“I know that my music is played in Israel from time to time, but this will be the first time that I will attend the performance,” says Argentinean born, Boston-based composer Osvaldo Golijov. He is referring to his song cycle Ayre, which will be performed by Dutch soprano Nora Fischer within the framework of the Felicja Blumental Festival.
“However, I visit Israel at least once a year, as I have a family here,” he adds.
A prolific and multifaceted composer, Golijov, 56, has collaborated with the Kronos and St. Lawrence quartets, to name a few, and composed the score for some of Francis Ford Coppola’s films. He collaborated with artists such as the Romanian Gypsy band Taraf de Haidouks, the Mexican Rock group Café Tacuba, tablas virtuoso Zakir Hussain and legendary Argentinean composer, guitarist and producer Gustavo Santaolalla. And the premiere of his St. Mark Passion, commissioned for the European Music Festival to commemorate the 250th anniversary of Bach’s death, took the music world by storm.
Born into a family of Jews of Eastern European origin, Golijov was surrounded by chamber music, Jewish liturgy and klezmer music. Later, moving to Israel, he was exposed to the immense music variety of Jerusalem, where he resided as a student of the Rubin Music Academy.
“I was very lucky to study with Mark Kopytman in Jerusalem,” he recounts. “He helped his students find their own way. As a harmony teacher he was incredible because he was so methodical. The fact that he was a medical doctor made him very lucid, organized and thorough. I owe him so much. And on a personal level, he and his wife were very important for me – very welcoming and nurturing.”
Upon moving to the US in 1986, Golijov earned his PhD at the University of Pennsylvania, where he studied with George Crumb, and was a fellow at Tanglewood, studying with Oliver Knussen.
What kind of composer is he? “That is a complicated question,” Golijov says in a phone interview from Boston. “I think of Beethoven. He was a huge talent, who called himself a poet of sounds. But I believe that even when he wrote an abstract as music, it was a crystallization of a very concrete emotional experience or idea. Or take Picasso, who used to say, ‘Although abstract painting is great, my painting is a drama.’ I don’t think I am in that league of talent, but I am in that league of aspiration.”
Golijov, who works in various forms and genres of music, describes his musical language as follows: “I think my language changes in accordance with the pieces I compose. Our language is different when we speak about love, God, violence, sex. So whein I wrote the Passion, I made everything a function of freedom.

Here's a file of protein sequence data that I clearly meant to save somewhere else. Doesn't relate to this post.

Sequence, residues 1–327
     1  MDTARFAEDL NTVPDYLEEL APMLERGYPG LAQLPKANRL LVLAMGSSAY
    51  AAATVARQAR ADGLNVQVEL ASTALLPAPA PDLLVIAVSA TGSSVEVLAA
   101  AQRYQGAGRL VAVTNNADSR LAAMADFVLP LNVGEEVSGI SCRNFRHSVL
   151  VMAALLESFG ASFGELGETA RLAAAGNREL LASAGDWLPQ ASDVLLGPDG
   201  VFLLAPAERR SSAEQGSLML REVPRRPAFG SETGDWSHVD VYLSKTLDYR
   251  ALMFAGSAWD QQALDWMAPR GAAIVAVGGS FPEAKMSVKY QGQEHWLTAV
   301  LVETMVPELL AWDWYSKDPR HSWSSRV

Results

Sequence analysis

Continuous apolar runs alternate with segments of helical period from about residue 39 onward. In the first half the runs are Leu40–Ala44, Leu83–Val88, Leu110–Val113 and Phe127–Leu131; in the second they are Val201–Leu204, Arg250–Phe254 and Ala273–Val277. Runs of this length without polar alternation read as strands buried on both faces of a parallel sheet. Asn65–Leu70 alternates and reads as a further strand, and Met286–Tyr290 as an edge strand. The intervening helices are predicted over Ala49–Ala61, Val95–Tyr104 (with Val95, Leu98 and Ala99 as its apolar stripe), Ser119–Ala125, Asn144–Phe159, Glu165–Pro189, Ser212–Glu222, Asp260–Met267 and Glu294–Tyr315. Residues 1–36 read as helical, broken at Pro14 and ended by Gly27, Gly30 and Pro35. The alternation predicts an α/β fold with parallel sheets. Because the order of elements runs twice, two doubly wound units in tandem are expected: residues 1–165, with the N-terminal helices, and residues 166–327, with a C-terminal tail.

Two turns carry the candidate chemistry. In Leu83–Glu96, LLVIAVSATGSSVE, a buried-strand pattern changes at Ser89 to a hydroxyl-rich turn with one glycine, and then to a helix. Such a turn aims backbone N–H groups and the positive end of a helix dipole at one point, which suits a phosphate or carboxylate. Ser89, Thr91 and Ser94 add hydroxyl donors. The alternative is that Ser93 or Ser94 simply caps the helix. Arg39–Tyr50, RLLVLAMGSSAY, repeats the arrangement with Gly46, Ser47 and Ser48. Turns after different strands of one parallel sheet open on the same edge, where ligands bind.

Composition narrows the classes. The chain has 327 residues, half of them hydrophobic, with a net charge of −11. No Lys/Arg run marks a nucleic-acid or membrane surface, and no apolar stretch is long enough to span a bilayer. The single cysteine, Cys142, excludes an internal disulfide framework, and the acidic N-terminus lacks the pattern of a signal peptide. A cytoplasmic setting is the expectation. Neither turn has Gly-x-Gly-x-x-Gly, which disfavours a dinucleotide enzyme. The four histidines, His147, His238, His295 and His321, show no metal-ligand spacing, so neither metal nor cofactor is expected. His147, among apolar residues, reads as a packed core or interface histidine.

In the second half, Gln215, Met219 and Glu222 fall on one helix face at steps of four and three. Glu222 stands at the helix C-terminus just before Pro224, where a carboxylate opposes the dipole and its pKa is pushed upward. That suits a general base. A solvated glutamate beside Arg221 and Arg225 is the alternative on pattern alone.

That was something I had never done before. But I thought that since it was about Christianity and Latin America, freedom had to be the guideline. When I wrote my opera about Garcia Lorca, I thought that melody should be given priority. I think we cannot ignore what has happened in history and geography, and people have analyzed it, knowingly or not, be it Beethoven or The Beatles. This is all in our mental and emotional maps, and we work with them and transform them, again, the way painters work with figures.”
In regard to Ayre, he says, “It was initially conceived as a song cycle that ranged from Spain to the Mediterranean to Jerusalem.
But later I included Sephardic, Greek and Lebanese, as well as Argentinean songs, since I was born there – it is sort of a personal touch. And this is what always happens. For example, when Salvador Dali painted his Crucifixion, he kept his own village in mind.”
Golijov stresses, “For me as a composer, what is important is to witness and explore the fundamental and universal experiences that we go through in life and to express them in music. I hope that my music moves people and is memorable. I think that in this sense, I am no different from any other composer or writer.”
The Felicja Blumental Festival takes place April 4 to 9 at the Tel Aviv Museum of Art.